Labor, the men who run it and their ‘female worker bees’ – Jenna Price (The Age/Sydney Morning Herald): “The women from Emily’s List Australia have never before made public their submissions to the endless reviews of the ALP. That’s changed with this latest review led by Jay Weatherill and Craig Emerson. The women are sick to death of being ignored. The recommendations are excoriating, in the politest possible way. The ALP stereotypes women as worker bees and not strategists, says Tanja Kovac, the national co-convenor of Emily’s List Australia. She says it needs to change if the ALP wants to win government considering women make up more than half of voters. For God’s sake, develop a strategic plan to win government. Increase the numbers of women in campaign decision-making and campaign staffing. Hire women who understand how to implement gender-based campaigns because that’s the key to winning campaigns. And on it goes.”
We’re failing the people NDIS was designed to support ($) – Sam Crosby and Angela Jackson (The Australian): “The NDIS was supposed to help people such as Jordan and Logan live their best lives. Yet the brothers don’t qualify for issues related to their rare disease under the NDIS because their condition has an “underlying medical cause”. Now if you think the presence of an underlying medical cause is a strange reason to invalidate someone from the NDIS, you wouldn’t be alone. The reason for this odd carve-out is, of course, political. At the inception of the NDIS, the then Labor government was worried expanding disability services would give the states an opportunity to shift the cost of health services to the commonwealth. So the new scheme was explicitly designed to cover supports for daily living, but not medical expenses. The problem is that for many participants, particularly those with rare diseases, the line between health and disability services is blurred to the point of meaninglessness.”
I’m gay, married, and not leaving my church – Joel Hollier (The Guardian): “I had bought into the false narrative of “gay versus God.” It is a narrative of faithful saints buttressing the truth before being socially martyred for refusing to capitulate to culture. It has on its side the weight of history and a simplistic understanding of the Bible, in much the same way that the institution of slavery appealed to the masses for centuries by its simple, “plain” reading of certain texts. However, here stand I. Gay, married to a man, unashamedly Christian, and unapologetically Anglican. Like many Christians around the world, I read widely, thought deeply and came to a different conclusion to this traditional interpretation. Herein lies the rub: we have no intention of leaving, at least not just yet, because these people are our family and, believe it or not, we have grown quite fond of them.”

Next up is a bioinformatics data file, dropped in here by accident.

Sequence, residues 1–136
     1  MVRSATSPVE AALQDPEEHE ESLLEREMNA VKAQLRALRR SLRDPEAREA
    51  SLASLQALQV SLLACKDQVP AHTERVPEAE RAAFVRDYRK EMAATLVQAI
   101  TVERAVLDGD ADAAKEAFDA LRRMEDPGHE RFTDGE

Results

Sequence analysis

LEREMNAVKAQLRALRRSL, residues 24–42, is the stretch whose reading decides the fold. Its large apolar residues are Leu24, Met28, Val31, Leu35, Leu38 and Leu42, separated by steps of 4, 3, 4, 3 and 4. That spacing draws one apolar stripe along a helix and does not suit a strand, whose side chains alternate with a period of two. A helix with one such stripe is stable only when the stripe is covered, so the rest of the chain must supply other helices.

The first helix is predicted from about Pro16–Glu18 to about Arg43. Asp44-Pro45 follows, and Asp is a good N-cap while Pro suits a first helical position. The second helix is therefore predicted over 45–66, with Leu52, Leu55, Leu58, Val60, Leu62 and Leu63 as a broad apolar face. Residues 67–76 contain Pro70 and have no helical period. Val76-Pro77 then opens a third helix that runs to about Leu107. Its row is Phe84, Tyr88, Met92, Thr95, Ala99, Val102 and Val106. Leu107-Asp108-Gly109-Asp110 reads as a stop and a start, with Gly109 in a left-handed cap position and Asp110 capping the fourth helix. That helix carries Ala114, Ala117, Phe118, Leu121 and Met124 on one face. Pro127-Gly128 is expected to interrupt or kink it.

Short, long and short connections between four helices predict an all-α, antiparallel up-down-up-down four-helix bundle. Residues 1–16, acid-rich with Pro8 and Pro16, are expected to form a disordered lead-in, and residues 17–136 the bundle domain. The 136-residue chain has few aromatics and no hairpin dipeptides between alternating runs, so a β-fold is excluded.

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WHAT’S ON TODAY
The Older Women’s Network will hold its national conference, with the theme of housing insecurity and homelessness for older women, the fastest growing demographic facing these issues.
Pipers, drummers, fiddlers, dancers and military personnel from around the globe will take to the field at ANZ Stadium for what the organisers say is the biggest Royal Edinburgh Military Tattoo ever staged.
A state memorial will be held for Jane Hamilton Mathews AO, the first woman appointed to full judicial office in NSW
Ballina, New South Wales
Portfolio Committee 7 will hold its second hearing for the inquiry into koala populations and habitat in NSW.
The commercial radio industry’s national radio conference, Radio Alive 2019, will be held at the Royal International Convention Centre
A court mention will be held in the Department of Environment and Science’s case against Adani, after it allegedly contravened the Environmental Protection Act by providing false or misleading information.
A final directions hearing will be held ahead of November’s Bourke Street tragedy inquest, confirming legal representation for Victoria Police members and a proposed witness schedule.
Australia’s largest Harry Potter concept store will open at Myer Melbourne, with a dedicated Harry Potter & The Cursed Child ticket booth and the train trolley entering Platform 9 3⁄4.
Students will celebrate German Day at Bendigo Art Gallery with performances, tours, gallery trails and art activities.
Recipients of the 2020 Tasmania Australian of the Year Awards will be announced in a ceremony at Government House.
Former Foreign Minister Julie Bishop will address the Australian International Education Conference.